By: The Pet Business Professor
According to John Gibbons, president of A GPS for Pet Businesses, based on numbers from the American Pet Products Association (APPA), the total U.S. Pet Industry increased $3.05B (4.4%) in 2018 to $72.56B. This is slightly more than last year’s increase of 4.1% and very consistent with the 4+% annual growth rate since 2011. There was one notable exception to the “norm”. In 2016 the industry grew 10.7% due to an upward adjustment in Food $ which research had shown to be too conservative. However, the industry has gotten “back on track” in the last 2 years.
As you recall, 2017 brought considerable excitement with a record low inflation rate of 0.4%. This meant that 90.2% of the increase was a real increase in the amount of pet products and services sold. In 2018, the pricing turned up by +1.25%, a more normal rate. Sales continued to grow but the amount of real growth fell to 70.6%, also a more normal number. However, these are “summary” numbers. Each segment has a different story to tell. In this report we’ll take a closer look at the performance of the total market and importantly, the individual segments. The report will cover 2018, but also put this year’s numbers into perspective for the period from 2009 to 2018.
Here are the specifics from 2018.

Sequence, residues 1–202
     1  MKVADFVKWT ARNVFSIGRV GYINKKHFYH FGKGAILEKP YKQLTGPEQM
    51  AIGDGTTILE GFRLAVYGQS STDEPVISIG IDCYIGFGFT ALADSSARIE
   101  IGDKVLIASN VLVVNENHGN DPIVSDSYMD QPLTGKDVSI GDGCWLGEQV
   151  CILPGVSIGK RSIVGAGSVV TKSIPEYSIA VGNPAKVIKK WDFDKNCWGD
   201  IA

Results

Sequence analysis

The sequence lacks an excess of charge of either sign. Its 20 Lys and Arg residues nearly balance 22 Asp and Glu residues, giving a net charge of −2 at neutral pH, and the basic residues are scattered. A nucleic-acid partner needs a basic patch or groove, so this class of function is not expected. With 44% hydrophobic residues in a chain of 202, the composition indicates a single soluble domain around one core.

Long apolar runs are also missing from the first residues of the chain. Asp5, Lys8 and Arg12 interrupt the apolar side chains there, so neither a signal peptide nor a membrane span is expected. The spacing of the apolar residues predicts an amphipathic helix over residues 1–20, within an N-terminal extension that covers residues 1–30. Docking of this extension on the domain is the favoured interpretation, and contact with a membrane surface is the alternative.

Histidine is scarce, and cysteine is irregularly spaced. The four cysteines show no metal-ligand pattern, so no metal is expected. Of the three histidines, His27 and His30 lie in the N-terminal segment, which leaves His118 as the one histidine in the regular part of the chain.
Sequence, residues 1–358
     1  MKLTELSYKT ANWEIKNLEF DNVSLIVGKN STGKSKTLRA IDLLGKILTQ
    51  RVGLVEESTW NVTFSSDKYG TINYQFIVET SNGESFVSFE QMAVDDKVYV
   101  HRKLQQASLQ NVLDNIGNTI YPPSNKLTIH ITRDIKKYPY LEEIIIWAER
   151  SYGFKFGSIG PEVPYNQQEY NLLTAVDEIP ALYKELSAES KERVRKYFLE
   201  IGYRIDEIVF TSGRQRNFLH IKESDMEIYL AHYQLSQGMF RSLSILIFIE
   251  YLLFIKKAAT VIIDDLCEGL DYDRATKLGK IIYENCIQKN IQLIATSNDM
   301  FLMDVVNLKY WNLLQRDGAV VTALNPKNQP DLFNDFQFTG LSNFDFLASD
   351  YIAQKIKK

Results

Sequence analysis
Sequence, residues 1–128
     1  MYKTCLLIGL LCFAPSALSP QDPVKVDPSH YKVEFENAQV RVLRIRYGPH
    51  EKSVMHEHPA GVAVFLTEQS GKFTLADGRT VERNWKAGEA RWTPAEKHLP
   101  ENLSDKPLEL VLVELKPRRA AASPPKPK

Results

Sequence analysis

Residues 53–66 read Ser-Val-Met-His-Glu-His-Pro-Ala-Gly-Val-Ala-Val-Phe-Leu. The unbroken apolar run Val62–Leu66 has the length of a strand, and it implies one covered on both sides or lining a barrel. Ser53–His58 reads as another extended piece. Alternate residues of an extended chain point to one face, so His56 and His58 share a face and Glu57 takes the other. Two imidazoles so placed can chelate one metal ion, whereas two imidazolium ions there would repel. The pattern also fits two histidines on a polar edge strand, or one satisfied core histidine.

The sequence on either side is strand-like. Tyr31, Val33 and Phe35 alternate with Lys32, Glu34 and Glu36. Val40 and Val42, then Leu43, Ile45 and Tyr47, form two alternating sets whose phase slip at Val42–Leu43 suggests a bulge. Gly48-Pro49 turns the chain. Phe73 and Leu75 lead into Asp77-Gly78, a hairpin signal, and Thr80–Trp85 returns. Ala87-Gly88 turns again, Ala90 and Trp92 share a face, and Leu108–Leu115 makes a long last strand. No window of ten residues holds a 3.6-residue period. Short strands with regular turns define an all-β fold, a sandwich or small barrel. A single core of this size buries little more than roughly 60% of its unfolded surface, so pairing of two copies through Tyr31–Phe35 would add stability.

-After record deflation of -1.1%, Pet Food segment pricing stayed low, maintaining the highly competitive market.
-The drop in live pet sales occurred as projected. This critical industry segment continues a gradual decline.
-Pet Supplies flipped from deflation to inflation, the highest rate since 2009. Sales surprisingly increased greater than anticipated, but 22% was due solely to price increases.
-The inflation rate in the Service segment more than doubled. This means that the drop in the amount of Services was actually -3.2%, 4 times greater than the drop in retail dollars.
-Veterinary pricing also moved up from a record low rate. This probably caused a slight reduction in frequency, so they didn’t meet the projection. 43% of the increase was due to inflation, which is actually low for this segment.
-The Total Pet Market was up 4.39% as the Product segments beat their projected numbers while the Service segments missed. The upturn in prices definitely hurt both Services and Veterinary, probably through reduced frequency. The Food segment retained “the low ground” in prices and continued to expand upgrades. The Supplies segment quite remarkably avoided the usual negative impact that inflation has on sales.
See the full report here.